She has pledged to call a “time-out” on any more trade pacts until the effect of current agreements can be assessed.

And she has promised to renegotiate specific parts of the North American Free Trade Agreement, which was signed during the administration of President Clinton, her husband. The senator has said that she opposed NAFTA while she was first lady.

Since her election to the Senate in 2000, Clinton at times has demonstrated a similar concern about the negative effects of liberalizing trade.

She opposed granting President Bush “fast-track” authority to negotiate trade deals. And she was among 45 senators, including Obama, who voted against the Central American Free Trade Agreement, or CAFTA, in 2005.

“I cannot support an agreement that fails to include adequate labor standards,” Clinton said in a speech on the Senate floor at the time.

Twice in the last two years, Clinton submitted legislation requiring studies on the impact of trade agreements on the U.S. economy and labor market. (Both bills were largely ignored; they attracted no co-sponsors and never came up for debate.)


Daniel T. Griswold, who directs the pro-trade Cato Center for Trade Policy Studies, said Clinton’s CAFTA vote as well as her support for farm subsidies and other legislation reflect some skepticism about trade.

But time and again over the last seven years, Clinton backed trade deals that other lawmakers rejected.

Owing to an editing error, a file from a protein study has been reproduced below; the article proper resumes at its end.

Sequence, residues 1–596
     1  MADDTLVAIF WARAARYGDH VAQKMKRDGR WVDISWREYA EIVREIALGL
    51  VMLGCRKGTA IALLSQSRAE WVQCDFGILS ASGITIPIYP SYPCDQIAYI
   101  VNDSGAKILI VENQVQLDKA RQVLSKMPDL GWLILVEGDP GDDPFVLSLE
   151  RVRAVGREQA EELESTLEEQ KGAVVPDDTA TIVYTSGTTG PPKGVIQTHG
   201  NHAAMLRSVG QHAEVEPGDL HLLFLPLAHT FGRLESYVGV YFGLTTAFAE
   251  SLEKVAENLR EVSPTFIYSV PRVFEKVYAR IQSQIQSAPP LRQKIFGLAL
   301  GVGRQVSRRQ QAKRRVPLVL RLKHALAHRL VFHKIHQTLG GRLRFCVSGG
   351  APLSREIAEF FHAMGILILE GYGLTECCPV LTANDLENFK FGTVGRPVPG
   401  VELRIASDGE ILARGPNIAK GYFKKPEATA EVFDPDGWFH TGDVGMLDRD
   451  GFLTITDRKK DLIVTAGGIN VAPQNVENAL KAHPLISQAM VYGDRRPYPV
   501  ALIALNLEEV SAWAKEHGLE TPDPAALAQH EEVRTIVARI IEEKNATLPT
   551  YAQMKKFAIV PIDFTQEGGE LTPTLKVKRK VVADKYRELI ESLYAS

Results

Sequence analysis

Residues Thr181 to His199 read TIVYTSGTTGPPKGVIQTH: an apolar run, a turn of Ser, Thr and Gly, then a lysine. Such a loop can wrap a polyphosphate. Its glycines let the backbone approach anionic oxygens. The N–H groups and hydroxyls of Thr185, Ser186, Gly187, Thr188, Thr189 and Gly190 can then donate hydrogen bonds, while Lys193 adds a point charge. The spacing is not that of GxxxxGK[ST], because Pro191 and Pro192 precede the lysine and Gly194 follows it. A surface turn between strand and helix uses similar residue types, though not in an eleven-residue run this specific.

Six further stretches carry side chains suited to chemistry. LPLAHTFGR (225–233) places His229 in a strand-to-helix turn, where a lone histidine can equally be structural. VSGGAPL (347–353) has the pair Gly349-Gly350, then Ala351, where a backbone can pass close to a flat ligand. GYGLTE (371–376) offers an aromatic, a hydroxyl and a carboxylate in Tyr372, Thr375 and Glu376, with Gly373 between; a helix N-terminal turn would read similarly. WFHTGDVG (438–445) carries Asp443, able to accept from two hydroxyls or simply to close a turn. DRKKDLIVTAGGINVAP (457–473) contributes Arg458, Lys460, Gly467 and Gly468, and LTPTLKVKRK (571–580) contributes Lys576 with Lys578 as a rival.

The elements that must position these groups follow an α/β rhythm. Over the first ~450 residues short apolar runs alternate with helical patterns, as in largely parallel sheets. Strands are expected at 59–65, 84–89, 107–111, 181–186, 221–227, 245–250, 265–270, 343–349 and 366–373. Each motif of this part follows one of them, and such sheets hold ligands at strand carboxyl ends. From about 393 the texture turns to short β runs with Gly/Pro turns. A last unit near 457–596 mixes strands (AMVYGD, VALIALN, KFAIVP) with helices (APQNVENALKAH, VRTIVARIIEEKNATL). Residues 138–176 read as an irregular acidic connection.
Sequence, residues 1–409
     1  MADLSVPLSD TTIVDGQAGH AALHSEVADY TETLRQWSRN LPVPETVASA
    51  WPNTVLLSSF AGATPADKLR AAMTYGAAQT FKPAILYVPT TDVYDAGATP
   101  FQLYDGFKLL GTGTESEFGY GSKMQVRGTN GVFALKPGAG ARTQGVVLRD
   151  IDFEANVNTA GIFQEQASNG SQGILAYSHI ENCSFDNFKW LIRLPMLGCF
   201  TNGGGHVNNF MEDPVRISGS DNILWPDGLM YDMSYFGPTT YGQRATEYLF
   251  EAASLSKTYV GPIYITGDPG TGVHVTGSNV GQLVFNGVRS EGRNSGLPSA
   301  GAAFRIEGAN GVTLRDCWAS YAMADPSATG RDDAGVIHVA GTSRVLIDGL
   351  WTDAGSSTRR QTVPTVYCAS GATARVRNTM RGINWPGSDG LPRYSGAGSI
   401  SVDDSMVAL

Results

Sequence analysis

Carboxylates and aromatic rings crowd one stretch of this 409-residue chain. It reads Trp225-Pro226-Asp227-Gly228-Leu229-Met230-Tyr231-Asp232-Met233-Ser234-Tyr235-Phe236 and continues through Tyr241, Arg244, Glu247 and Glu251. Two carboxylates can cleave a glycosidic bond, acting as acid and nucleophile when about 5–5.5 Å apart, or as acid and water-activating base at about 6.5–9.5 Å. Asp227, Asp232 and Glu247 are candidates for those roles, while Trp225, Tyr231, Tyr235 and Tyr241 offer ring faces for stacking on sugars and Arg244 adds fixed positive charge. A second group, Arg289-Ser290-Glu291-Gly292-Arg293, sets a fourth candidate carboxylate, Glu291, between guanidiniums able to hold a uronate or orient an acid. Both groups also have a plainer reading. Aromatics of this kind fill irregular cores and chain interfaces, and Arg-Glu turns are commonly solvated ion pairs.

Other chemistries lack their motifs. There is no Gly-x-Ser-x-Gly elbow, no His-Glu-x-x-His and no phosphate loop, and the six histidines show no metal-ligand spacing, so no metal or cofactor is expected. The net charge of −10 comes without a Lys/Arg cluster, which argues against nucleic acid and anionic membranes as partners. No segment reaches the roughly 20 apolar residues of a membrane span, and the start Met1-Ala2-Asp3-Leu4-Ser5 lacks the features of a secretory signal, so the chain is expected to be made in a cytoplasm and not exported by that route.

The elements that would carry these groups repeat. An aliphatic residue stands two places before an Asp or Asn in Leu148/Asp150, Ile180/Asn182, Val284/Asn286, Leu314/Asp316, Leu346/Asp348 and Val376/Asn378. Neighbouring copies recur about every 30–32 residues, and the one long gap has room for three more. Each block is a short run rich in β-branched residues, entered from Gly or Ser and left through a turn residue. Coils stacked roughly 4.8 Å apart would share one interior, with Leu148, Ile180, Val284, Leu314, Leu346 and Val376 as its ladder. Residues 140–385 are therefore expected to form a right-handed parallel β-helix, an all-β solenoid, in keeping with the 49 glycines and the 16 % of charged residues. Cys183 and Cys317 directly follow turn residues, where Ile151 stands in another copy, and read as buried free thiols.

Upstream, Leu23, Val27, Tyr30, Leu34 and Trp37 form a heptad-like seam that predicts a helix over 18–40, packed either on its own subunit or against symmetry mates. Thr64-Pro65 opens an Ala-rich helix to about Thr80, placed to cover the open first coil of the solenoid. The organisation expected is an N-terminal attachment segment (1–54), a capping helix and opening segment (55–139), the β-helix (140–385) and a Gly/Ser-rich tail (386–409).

When the Bush administration in 2003 pushed for congressional approval of bilateral agreements with Singapore and Chile, more than 30 senators, including several Republicans, voted against each.

Environmental organizations complained about provisions in the deals that gave multinational companies rights to challenge environmental regulations in the participating countries.

And labor unions assailed the lack of any requirement that Singapore and Chile adhere to international standards to protect workers.

At the time, Clinton cited concerns about several of these terms. “The labor provisions in the Chile and Singapore agreements should not be used as a model for future trade agreements,” she said in a statement she entered into the congressional record.


But she nonetheless voted for the two agreements, citing their potential benefits for New York.

A year later, as the Senate debated deals with Australia and Morocco, Clinton again voiced concerns about the scope of the deals. Once again, however, she voted for the pacts, which included labor provisions matching those in the Chile and Singapore agreements.

In 2006, the Bush administration inserted similar provisions in a free trade agreement with Oman, as well as the oft-used section giving companies the right to challenge the regulatory authority of the participating countries.The Oman deal and the subsequent pact with Peru prompted renewed opposition from leading trade skeptics on Capitol Hill.

“Workers get short shrift,” Sen. Sherrod Brown (D-Ohio) said before the Peru vote in December. “Slave wages are OK, unsafe working conditions are OK, unsafe products and food are OK, contaminated food is OK.”

Clinton missed the vote. But she told The Times she supported the Peru deal, calling its labor and environmental provisions “very strong.”

Three months later, in March, she won a key primary victory in Brown’s state with attacks on the devastating effects of trade agreements.